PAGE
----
A tightening budget and new state regulations will be some of the toughest challenges facing the next superintendent of Livingston Parish public schools, retiring Superintendent Bill Spear said Friday.
Spear’s last day on the job will be Nov. 12, followed by his official retirement Feb. 15, he said.
The School Board will begin advertising for his replacement Monday, according to a timeline the board approved Thursday night.
The board will accept applications through Oct. 2 and announce the candidates at the Oct. 4 board meeting, President Malcolm Sibley said.
A Committee of the Board of the Whole will conduct interviews Oct. 9, beginning at 6 p.m., in a meeting open to the public, Sibley said.
The full board will then vote Nov. 8 to select the new superintendent, he said.
“The budget will be one of the biggest challenges the next superintendent will face, simply because of the financial constraints that have been placed on all public education systems in this state,” Spear said.
The state’s Minimum Foundation Program funding for school districts has remained stagnant for four consecutive years, with the omission of the 2.75 percent growth factor, he said.
Coupled with increases in state-mandated costs, such as retirement contributions, the flat funding “continues to hamper any system’s ability to balance the budget,” he said.
The School Board adopted a 2012-13 budget Thursday that includes a $2.8 million general fund deficit largely caused by that dynamic.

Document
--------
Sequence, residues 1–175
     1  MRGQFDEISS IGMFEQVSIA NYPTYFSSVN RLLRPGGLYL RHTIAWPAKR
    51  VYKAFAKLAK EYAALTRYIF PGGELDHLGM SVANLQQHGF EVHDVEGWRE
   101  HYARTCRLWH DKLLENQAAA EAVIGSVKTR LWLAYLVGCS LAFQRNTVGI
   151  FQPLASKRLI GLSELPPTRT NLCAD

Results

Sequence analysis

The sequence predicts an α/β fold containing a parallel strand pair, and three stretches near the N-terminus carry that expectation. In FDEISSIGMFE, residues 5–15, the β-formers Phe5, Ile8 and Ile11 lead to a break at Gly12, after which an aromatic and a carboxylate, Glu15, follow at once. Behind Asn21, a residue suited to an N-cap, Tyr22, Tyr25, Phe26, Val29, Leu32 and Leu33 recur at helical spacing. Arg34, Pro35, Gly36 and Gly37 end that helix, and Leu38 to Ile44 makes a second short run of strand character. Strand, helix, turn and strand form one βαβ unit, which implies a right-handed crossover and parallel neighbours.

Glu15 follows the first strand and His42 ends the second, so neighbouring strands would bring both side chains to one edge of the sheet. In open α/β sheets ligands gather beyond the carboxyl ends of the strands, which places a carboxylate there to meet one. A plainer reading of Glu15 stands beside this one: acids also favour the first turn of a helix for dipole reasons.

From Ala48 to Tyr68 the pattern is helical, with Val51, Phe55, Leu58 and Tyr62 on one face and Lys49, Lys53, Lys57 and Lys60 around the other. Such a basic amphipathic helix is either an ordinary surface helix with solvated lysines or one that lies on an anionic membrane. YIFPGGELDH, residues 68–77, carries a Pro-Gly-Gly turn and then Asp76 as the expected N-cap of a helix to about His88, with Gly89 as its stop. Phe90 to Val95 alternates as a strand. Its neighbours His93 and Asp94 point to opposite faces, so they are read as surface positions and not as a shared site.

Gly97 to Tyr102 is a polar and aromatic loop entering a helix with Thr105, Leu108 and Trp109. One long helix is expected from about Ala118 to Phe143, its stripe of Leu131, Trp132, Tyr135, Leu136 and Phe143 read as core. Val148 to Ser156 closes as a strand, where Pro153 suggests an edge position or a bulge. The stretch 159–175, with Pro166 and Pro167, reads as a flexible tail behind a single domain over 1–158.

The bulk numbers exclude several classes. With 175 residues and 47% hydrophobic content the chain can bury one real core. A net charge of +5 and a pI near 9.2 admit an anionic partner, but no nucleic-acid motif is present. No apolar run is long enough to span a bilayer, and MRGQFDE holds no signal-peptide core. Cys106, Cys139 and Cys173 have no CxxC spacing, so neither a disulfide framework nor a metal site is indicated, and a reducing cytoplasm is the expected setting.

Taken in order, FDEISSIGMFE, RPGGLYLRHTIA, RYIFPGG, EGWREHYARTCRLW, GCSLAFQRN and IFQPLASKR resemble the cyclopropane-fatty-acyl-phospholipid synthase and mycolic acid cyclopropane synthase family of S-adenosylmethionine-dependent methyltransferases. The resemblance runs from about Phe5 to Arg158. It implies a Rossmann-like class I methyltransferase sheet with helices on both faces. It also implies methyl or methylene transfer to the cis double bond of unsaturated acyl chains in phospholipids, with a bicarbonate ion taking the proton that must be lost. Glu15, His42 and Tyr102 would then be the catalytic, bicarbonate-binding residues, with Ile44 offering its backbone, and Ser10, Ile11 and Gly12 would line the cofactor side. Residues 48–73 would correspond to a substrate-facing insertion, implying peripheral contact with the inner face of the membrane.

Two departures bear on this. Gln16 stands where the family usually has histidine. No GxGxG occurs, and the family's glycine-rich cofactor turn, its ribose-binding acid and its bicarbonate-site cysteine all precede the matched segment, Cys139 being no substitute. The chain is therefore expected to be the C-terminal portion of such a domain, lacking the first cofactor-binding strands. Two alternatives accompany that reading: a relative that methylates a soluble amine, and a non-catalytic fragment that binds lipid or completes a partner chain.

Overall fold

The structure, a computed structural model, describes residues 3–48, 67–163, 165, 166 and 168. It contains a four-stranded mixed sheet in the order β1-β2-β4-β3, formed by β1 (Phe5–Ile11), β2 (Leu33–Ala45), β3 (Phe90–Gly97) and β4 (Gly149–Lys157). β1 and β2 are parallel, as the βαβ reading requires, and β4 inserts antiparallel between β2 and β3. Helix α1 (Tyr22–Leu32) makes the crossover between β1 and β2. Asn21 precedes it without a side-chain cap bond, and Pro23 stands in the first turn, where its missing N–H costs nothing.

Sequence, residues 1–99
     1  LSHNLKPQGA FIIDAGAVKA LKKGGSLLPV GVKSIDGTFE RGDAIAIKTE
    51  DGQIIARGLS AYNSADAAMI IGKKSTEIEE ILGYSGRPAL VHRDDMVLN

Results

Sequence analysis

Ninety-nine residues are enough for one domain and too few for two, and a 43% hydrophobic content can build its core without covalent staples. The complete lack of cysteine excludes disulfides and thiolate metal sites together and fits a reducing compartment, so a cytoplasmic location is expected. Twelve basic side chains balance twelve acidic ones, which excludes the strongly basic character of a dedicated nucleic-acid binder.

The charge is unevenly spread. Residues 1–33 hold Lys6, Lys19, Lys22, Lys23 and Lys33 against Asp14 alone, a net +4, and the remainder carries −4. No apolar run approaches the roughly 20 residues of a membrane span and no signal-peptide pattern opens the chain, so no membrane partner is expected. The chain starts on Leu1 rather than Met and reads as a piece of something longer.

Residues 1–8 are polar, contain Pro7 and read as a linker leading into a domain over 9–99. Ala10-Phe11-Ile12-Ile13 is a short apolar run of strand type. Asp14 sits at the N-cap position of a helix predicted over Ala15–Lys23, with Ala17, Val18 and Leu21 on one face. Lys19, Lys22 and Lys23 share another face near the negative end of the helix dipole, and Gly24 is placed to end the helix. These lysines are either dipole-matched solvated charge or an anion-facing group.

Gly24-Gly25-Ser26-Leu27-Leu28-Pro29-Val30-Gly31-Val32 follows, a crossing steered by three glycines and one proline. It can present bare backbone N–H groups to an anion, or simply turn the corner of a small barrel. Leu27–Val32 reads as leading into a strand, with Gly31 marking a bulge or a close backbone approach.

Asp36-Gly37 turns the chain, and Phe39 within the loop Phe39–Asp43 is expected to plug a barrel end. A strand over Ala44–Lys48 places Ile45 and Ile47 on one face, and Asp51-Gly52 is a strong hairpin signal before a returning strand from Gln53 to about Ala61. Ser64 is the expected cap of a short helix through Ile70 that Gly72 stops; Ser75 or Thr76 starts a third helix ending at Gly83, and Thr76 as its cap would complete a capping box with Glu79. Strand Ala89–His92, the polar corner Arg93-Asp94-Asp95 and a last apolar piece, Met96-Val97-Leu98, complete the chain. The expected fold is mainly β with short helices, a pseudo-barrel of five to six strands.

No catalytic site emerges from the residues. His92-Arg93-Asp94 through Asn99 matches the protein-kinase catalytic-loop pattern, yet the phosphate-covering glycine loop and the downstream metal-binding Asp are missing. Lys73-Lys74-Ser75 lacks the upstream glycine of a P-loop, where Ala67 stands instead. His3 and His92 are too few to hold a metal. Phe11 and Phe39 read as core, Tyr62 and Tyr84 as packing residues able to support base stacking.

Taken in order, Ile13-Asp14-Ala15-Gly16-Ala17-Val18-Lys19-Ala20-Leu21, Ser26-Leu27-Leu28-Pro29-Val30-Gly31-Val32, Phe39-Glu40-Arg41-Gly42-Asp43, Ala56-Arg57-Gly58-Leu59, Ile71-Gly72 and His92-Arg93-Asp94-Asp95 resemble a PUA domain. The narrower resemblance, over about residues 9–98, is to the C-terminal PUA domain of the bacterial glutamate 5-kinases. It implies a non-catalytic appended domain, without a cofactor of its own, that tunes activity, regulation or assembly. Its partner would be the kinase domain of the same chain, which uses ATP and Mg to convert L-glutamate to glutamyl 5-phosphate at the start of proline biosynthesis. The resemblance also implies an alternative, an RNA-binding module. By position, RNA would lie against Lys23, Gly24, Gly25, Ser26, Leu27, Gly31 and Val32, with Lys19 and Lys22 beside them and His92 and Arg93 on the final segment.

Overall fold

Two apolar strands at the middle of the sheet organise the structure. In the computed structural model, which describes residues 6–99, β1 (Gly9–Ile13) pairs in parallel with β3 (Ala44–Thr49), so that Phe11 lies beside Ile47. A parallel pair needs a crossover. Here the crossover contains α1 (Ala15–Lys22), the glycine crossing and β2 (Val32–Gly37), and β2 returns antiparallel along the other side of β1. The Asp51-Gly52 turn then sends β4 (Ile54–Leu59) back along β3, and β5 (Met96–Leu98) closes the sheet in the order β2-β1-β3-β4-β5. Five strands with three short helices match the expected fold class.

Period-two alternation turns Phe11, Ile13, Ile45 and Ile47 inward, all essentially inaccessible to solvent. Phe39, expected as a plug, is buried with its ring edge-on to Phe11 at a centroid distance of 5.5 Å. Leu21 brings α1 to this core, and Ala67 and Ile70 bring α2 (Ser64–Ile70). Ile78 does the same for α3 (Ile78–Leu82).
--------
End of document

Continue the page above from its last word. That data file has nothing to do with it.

Projected increases in sales tax revenues and a reduction in the district’s contribution to group health insurance helped buoy the budget for the coming year.
However, rising mandated costs and the loss of state and federal funds that had boosted general fund support for salaries have led the district to adopt short-term solutions such as the elimination of extended sick leave, hiring freezes and temporary cutbacks on substitute teachers.
“The implementation of the new education reforms sent down by the state will also be challenging,” Spear said.
There are still many unknowns about how the new regulations will work, particularly with the value-added assessment measure for teacher effectiveness, he said.
“The new rules and regulations coming down from the state Department of Education are not necessarily an even playing field,” Sibley said. “But I think Livingston Parish is still going to do what we have to do to educate our kids and keep in the top tier of the state.”